Achieving more through cognitive diversity
4 mins read
Diversity is good for business – it’s a fact.
Research done over the past few years has shown that having people of different genders, ethnicities, sexual orientations, ages and physical and mental abilities within your organisation is good for all sorts of things from innovation1 and creativity to engagement and retention2.
Ultimately, it has a very positive (and measurable) effect on your bottom line.
In a study published in 2015, for instance, McKinsey & Company showed that companies in the top quartile for racial and ethnic diversity are 35% more likely to have financial returns above their respective national industry medians than those in the bottom quartile3.
In 2019, Credit Suisse published a study of 30,000 senior executives at more than 3,000 companies around the world. It found that companies in which women held 20% or more of the management roles generated 2.04% higher cash flow returns on investment than companies with women in 15% or less of the management roles4.
And in the same year, researchers examined data from the Human Rights Campaign’s Corporate Equality Index and found that organisations with policies banning discrimination based on sexual orientation and gender identity were more likely to experience innovation and increased performance5.
I could go on – there’s a lot of research out there – but, instead, I’ll just point you towards a very comprehensive list published by the US non-profit Catalyst in its recent Why Diversity and Inclusion Matter research, demonstrating a range of proven benefits that can help you to build a convincing business case for diversity6.
So, it’s clear that what we could call the traditional, physical forms of diversity are more beneficial than the ‘PC-gone-mad’ brigade would have us believe. That’s always assuming, of course, that organisations take the logical next step and create an inclusive environment that allows a diverse workforce to really shine – otherwise they’re simply paying lip-service to diversity and aren’t going to reap its rewards.
But what about the less obvious diversity that comes with bringing people into your organisation who think differently, hold different views, and have different skillsets – cognitive diversity? Does this have an impact on the bottom line in the way that getting more women into senior executive roles does?
Although cognitive diversity is a relatively new focus for organisations and their managers and recruiters, there are some studies and a lot of literature on its benefits.
A study done in 2017 by academics from the Ashridge and London business schools, for example, found that the most cognitively diverse teams consistently outperform more homogenous ones7 and leadership coach Janine Schindler MCC is very clear about the benefits that she believes cognitive diversity brings, from more creativity and innovation to increased productivity and engagement8.
So, the answer would appear to be yes, cognitive diversity does have a tangible business benefit. But it can be even harder than other types of diversity to achieve: there’s a natural tendency for managers to want the validation and comfort of team members who act and think like them, for HR to recruit people who ‘fit’ culturally, and for organisations to expect employees to accept that ‘this is how we do things round here’.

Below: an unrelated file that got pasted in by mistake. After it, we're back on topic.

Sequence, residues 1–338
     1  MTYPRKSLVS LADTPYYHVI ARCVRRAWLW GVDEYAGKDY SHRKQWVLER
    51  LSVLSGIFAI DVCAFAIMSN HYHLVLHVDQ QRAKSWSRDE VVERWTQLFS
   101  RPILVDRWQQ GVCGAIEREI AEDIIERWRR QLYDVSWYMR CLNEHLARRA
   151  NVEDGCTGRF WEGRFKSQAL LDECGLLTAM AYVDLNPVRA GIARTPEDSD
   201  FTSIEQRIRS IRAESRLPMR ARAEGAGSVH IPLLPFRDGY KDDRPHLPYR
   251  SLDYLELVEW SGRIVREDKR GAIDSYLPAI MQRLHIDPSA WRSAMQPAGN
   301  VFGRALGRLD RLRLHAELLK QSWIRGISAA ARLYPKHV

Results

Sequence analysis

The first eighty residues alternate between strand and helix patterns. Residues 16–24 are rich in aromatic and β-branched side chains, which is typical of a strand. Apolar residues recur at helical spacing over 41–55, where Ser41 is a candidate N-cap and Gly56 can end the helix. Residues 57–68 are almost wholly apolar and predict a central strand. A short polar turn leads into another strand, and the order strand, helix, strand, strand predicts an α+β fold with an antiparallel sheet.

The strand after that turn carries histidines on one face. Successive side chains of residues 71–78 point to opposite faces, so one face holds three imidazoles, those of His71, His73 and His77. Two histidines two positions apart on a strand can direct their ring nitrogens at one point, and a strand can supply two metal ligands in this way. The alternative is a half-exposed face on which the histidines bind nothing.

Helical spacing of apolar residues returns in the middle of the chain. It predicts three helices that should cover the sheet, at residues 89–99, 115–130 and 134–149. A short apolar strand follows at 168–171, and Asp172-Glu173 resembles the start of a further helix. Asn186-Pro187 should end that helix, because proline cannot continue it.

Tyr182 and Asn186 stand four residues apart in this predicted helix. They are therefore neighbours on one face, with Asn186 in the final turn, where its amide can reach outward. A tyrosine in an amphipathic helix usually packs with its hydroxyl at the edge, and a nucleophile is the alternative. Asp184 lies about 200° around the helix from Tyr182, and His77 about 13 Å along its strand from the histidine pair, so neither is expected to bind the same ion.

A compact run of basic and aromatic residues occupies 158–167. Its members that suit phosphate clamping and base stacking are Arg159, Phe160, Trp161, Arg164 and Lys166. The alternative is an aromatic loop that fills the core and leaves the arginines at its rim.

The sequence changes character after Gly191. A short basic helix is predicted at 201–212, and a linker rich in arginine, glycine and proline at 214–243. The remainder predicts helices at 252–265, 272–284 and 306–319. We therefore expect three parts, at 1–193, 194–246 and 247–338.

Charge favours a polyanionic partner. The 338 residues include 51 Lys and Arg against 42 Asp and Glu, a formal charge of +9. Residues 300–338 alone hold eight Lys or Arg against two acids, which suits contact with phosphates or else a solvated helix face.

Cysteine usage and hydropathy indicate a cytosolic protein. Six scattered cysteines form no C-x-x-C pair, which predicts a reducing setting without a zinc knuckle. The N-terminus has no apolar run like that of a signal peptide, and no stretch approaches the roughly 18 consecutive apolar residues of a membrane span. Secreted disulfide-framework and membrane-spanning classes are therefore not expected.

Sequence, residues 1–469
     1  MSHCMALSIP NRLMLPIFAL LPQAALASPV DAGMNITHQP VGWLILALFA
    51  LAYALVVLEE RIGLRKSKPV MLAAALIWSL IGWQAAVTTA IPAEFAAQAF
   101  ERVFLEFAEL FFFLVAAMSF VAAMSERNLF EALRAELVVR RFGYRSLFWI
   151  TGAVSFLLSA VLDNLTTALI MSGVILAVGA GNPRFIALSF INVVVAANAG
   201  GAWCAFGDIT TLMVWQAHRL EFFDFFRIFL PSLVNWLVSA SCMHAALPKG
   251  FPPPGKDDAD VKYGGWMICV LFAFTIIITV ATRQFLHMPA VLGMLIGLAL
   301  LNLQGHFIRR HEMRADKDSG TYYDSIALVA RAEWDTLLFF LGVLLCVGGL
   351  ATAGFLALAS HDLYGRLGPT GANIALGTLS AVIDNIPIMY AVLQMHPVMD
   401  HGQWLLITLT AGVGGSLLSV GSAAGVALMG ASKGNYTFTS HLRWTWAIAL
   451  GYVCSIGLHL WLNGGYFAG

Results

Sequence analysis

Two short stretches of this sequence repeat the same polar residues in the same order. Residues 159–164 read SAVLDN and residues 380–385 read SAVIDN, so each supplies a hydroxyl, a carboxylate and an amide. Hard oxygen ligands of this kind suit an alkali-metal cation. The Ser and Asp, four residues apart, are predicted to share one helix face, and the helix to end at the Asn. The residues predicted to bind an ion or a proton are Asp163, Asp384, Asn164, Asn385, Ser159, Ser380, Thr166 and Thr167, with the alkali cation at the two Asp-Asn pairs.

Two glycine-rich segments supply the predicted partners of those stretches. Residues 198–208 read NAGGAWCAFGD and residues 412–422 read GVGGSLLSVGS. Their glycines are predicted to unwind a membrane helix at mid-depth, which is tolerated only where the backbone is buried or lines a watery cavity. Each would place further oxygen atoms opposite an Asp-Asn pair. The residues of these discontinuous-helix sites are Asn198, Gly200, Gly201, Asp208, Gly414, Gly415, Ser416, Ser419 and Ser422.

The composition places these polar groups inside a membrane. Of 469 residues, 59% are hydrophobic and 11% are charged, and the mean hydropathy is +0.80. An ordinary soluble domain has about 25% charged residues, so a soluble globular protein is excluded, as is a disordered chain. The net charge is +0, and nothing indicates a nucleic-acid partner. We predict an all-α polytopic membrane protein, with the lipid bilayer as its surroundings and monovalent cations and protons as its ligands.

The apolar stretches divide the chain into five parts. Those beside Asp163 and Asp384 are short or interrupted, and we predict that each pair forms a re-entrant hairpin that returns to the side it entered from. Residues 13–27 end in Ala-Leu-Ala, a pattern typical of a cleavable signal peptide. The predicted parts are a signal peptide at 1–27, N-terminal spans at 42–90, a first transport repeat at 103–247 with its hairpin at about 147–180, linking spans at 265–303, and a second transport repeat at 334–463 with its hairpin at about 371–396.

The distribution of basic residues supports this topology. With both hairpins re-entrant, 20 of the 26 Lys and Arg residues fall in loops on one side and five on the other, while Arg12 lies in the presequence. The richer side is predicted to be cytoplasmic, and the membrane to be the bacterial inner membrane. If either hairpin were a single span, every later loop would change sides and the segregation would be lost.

It takes a lot of courage to step outside the comfort zone of conformity and fill your teams and organisations with mavericks. Managers have to be prepared to deal with conflict and make it constructive rather than destructive, and to receive criticism and push-back. Organisations may see their cultures disrupted and their norms challenged. Both need to be prepared for change.
But cognitive diversity is an effective weapon against the stagnation of groupthink and the dangers of homogeneity, especially at the top level. For example, if an organisation needs to refocus but its senior leadership team is full of people who are good at formulating strategy and has no one with the skills and mindset to be able to successfully implement that strategy, nothing will get done.
Having a diverse group of people leading an organisation, who can produce and develop strategies, sell them to the rest of the organisation, and put them into action, means that great ideas are being turned into reality and the organisation is driving forward.
The same is true at a team level – a group of people who can see things from different perspectives and are willing to challenge each other are going to be more innovative, creative, engaged and productive.
Balanced teams, with the right mix of skills, perspectives, approaches and mind sets, are the key to getting things done.
To find out how Capita can help you to achieve the cognitive diversity that gets things done in your organisation, email Steven Bell.
Business Development Director, Veredus
Steve is a Director within the Veredus Assessment and Development practice. He has twenty years of experience in sales and business development, twelve of which focused on partnering with organisations across multiple public and private sectors to overcome complex business challenges through Business Psychology.